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Wednesday, July 12, 2006 - Page updated at 12:00 AM


Floyd J. McKay / guest columnist

George should see Al's movie

Special to The Times

STEPHEN Hawking, the distinguished British astrophysicist, asks a vexing question: "In a world that is in chaos politically, socially and environmentally, how can the human race sustain another 100 years?"

Hawking may have in mind the story of Suzie Cheng, the 20-year-old Chinese woman portrayed in this newspaper as representative of the sea of people moving from Chinese farms to cities.

Simply put, similar migrations in India and elsewhere in Africa and Asia cannot be sustained at today's Western standard of living. Even at one car per family, without air conditioning and supermalls, the world's environment cannot survive the onslaught.

Yet, who will decide? Will it be government or international business? The latter lives on expansion and new consumers. The former, if democratic, responds to the demands of consumers who want more of everything. No one wants the unspoken third alternative, authoritarian governments setting limits.

Americans, despite our massive power, can really only speak for and act for ourselves. But since we are the world's leading consumer market and the world's major polluter as well, any progress here would be of international benefit.

I'd suggest we start by making Al Gore's slide-show movie, "An Inconvenient Truth," required viewing in every high school in the country. Nothing I have seen or read recently has better depicted the very dilemma Hawking addresses.

Of course, all American adults should see the movie, and many will. But we are so politically polarized that we can expect 40 percent of the nation to follow the lead of President George W. Bush and the talk-show hacks and either make fun of Gore or refuse to see his work. Bush proudly declared he has no intention of seeing "An Inconvenient Truth." Yet, he did read the science-fiction novel "State of Fear," by Michael Crichton, and invited the author to the White House, where the two men reportedly agreed that global warming was somewhat of a hoax.

Global warming is only the most important of a number of scientific areas in which the White House has been hostile to scientific research, and has attempted to intimidate government scientists who have the courage to raise issues inconvenient to White House opinion, particularly when they contradict the energy industries.

There will be sacrifices to deal with global warming, and we will need to change some habits of long-standing. But, as Gore points out, there is also the potential for entire new industries with good jobs to emerge from this change. And it could help us reduce dependence on the wretched Middle East. We could build a new "coalition of the willing" on something other than military power.

Just imagine a world in which America led the way — again — on a "Manhattan Project" that would involve something other than warfare. We certainly could do it — we have the brainpower, the business know-how, everything needed to engage the entire world in rolling back the inexorable march toward global disaster that so worries Hawking and others who understand the science.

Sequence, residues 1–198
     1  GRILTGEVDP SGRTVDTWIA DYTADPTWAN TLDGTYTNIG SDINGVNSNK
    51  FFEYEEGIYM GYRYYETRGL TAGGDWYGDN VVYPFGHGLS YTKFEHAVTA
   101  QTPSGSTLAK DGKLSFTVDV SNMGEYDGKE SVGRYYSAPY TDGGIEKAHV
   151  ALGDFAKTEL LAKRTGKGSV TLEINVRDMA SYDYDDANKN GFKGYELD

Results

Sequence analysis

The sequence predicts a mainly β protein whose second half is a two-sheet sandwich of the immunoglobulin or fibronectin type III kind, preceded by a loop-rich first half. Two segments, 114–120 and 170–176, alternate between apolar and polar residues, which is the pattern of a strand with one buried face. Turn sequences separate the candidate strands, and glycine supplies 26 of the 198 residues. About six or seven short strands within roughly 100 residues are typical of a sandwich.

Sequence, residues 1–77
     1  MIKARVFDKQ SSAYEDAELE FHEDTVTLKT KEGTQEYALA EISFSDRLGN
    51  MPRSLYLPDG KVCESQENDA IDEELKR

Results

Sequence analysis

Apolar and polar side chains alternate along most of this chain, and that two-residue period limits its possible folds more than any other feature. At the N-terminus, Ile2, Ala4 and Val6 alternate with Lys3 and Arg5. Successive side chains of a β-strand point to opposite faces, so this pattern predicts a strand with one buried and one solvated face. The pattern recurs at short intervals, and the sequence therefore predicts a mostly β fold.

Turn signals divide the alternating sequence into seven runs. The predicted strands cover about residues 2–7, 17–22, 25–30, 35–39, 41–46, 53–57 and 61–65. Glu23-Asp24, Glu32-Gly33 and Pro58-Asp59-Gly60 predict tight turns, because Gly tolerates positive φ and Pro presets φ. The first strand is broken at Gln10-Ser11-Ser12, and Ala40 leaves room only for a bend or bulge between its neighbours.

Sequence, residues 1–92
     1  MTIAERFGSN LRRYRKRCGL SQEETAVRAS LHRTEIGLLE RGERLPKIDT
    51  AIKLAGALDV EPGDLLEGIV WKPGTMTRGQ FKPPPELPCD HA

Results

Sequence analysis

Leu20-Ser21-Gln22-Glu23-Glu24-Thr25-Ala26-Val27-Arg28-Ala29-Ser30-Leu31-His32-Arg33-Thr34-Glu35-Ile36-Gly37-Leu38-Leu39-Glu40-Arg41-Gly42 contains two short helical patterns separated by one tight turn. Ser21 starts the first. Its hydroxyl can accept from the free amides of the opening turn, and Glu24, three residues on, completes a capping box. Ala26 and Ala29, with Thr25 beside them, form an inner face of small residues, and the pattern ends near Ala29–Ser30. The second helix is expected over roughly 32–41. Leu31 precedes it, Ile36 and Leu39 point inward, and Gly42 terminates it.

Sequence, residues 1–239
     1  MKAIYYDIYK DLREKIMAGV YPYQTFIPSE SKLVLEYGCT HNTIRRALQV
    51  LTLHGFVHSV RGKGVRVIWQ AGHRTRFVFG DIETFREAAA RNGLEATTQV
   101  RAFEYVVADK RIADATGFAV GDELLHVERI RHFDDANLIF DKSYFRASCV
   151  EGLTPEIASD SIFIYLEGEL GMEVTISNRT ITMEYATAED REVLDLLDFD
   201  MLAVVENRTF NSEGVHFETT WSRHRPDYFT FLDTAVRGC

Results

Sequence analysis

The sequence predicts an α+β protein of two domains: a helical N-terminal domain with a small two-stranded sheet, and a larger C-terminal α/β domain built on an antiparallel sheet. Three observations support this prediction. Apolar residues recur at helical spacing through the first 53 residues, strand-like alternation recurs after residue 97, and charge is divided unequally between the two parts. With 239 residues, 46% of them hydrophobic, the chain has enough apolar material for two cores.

In today's climate, sometimes it seems as if we must decide which scenario will determine the end of life on this planet.

One, increasingly in favor among the most fundamentalist of Christians and Muslims, is apocalyptic, an end-times for the devout that condemns millions of others to indescribable tortures and agony. Some see today's conflicts in the Middle East as leading to "the Rapture" of this fantastical scenario, perhaps in this century.

Others — perhaps Hawking is one — see the geometric increase in population, pollution and proliferation of weapons threatening or even destroying human life in this century.

The Chinese, meanwhile, whose leaders widely believe that this will be the "Chinese Century" as the 20th was the "American Century," pay no attention to the apocalyptic scenario at the same time their modernization threatens to bring about the alternative. Yet, survival of China is no less dependent than ours on combating real threats to life on this planet, and the Chinese know it. They lose as much as we do with another arms race — only the arms merchants gain — and they gain as we do with a serious attack on environmental degradation.

We, and the world, must pick a scenario.

Policies of our present administration tilt toward the apocalyptic; we will lose eight years on global warming before the Texas oil and military complex leaves office.

I would tell Hawking that the next administration — of either party — must shift from apocalypse to reality, bring China and others into a "coalition of the willing" to turn back the environmental tide and save the 21st century for our grandchildren.

Floyd J. McKay, a journalism professor emeritus at Western Washington University, is a regular contributor to Times editorial pages. E-mail him at

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